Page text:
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copyright infringement lawsuits

Filmmakers can become complacent about their exposure to copyright infringement lawsuits, especially if they focus on cases that are dismissed or settled out of court. However, a lawsuit can end up ruining a project, or a producer, with extravagant awards.

Last November, an appeals court upheld the damages awarded to Warner Bros. in their copyright infringement lawsuit. The victory was against a marketing and licensing agency that had used copyrighted images owned by Warner Bros.

The judgment was for over two and half million dollars.

Here are the details about the case from the Chicago Law Bulletin:

Art & Vintage Entertainment Licensing Agency (AVELA) lifted images of Warner Bros. characters from promotional material. The characters were classic—and copyrighted—figures including Dorothy and the Tin Man from the Wizard of Oz, Scarlett O’Hara from Gone with the Wind, and the animated archenemies Tom and Jerry.

AVELA then used the characters on lunch boxes, playing cards, t-shirts, and more without the consent of Warner Bros., which—unsurprisingly—landed the agency in court.

While it’s obvious that AVELA was treading on dangerous ground, this legal battle is important for filmmakers to consider. You may not produce t-shirts with copyrighted material. But your film may use the artwork, music, or ideas of another, creating costly legal risk.

In light of this case, here are a few important takeaways for filmmakers and production houses alike:

The Scope of Copyright Infringement Lawsuits

If your film has appropriated the intellectual property of another, the amount of financial risk can be huge.

Since Warner Bros. owns the copyright to the mentioned films and cartoons, AVELA had no legal right to reproduce the characters, much less profit from licensing them. Had AVELA licensed the characters from Warner Bros., there would have been no issue.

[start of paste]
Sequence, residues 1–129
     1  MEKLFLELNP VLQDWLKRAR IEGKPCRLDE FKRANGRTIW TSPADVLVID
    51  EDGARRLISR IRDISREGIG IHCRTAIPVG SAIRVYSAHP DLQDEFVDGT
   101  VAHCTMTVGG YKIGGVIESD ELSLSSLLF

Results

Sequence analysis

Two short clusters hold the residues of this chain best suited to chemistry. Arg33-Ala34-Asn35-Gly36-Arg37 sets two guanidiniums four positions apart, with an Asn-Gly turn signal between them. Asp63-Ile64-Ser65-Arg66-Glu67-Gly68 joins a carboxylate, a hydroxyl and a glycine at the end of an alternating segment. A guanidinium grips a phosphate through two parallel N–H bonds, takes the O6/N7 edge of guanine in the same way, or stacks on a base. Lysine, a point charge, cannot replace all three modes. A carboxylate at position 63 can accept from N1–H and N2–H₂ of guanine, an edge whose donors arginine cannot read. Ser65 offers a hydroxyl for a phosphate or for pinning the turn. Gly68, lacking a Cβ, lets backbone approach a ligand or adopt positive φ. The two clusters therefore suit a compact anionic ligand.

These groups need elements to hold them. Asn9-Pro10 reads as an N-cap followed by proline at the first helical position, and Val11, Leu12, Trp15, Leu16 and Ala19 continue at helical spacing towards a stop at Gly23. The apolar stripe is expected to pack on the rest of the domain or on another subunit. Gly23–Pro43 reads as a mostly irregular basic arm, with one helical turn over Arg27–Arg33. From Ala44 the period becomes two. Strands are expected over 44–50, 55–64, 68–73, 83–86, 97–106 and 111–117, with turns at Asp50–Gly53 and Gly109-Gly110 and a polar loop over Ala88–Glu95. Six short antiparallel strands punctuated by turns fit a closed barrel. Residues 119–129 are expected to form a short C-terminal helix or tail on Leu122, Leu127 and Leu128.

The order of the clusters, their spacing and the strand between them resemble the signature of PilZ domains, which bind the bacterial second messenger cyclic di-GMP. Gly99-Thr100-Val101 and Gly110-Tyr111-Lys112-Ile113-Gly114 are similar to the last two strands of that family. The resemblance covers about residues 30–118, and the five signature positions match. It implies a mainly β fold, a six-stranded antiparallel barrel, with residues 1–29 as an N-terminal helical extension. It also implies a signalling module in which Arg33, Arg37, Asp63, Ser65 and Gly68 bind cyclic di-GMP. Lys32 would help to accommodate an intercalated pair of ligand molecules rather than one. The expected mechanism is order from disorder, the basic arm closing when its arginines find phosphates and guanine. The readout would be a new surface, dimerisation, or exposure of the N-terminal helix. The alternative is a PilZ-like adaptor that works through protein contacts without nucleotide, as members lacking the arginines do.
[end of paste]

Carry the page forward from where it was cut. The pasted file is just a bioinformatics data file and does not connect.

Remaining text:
According to the Chicago Law Bulletin, the case was originally decided in Warner Bros. favor in 2009, but AVELA appealed on the basis that the award was too high. Even at $2.57 million, the appeals court didn’t see it that way.

As the article explains, AVELA had infringed on 257 individual copyrights. At $10,000 per infringement, the damages quickly added up.

And they could have been more.

The article explains that the circuit judge noted how poor recordkeeping kept the court from determining a more accurate figure and how the damages were within the range given by the Copyright Act.

Under this law, damages could have reached well over $7 million.

The lesson is clear for filmmakers. A copyright violation can leave you multiplying the costs of your damages instead of the amount of your profits.

The Types of Damages for Copyright Infringement Lawsuits

In this lawsuit, Warner Bros. collected on statutory damages from AVELA’s copyright infringement. However, it’s important to note that the media giant could have collected damages in a drastically different way.

According to U.S. copyright laws, Warner Bros. was entitled to two forms of monetary awards to choose from:

  1. Statutory damages. In the words of the copyright law, this allows the owner of the copyright to collect “damages for all infringements involved in the action, with respect to any one work.” This was the option chosen by Warner Bros.
  2. Actual damages and profits. This means the owner of the copyright can collect for the infringed copyright as well as for any profits made from the copyright infringement. The plaintiff only has to show the gross profits, and the burden of calculating that profit (deducting expenses and what portion isn’t attributable to the copyrighted material) falls on the infringer.

In other words, your film may suffer less quantifiable damages if the owner of the copyright chooses to demand the second option. This means that if your film is found to profit from copyrighted material, then a significant chunk of that profit could be subject to forfeit.

So, while it may seem comforting to read all the examples of copyright lawsuits that did not have a dire financial impact, your risk remains the same: the potential loss of an unknown amount of revenue.

Rather than roll the dice and hope for the best, protect yourself and reduce your exposure to copyright infringement lawsuits.

A film Clearance Package provides a comprehensive review and analysis of the risks associated with your project.  We have numerous packages to fit every project’s needs and budget.  We’ll help put you in the best possible position to profit from your success.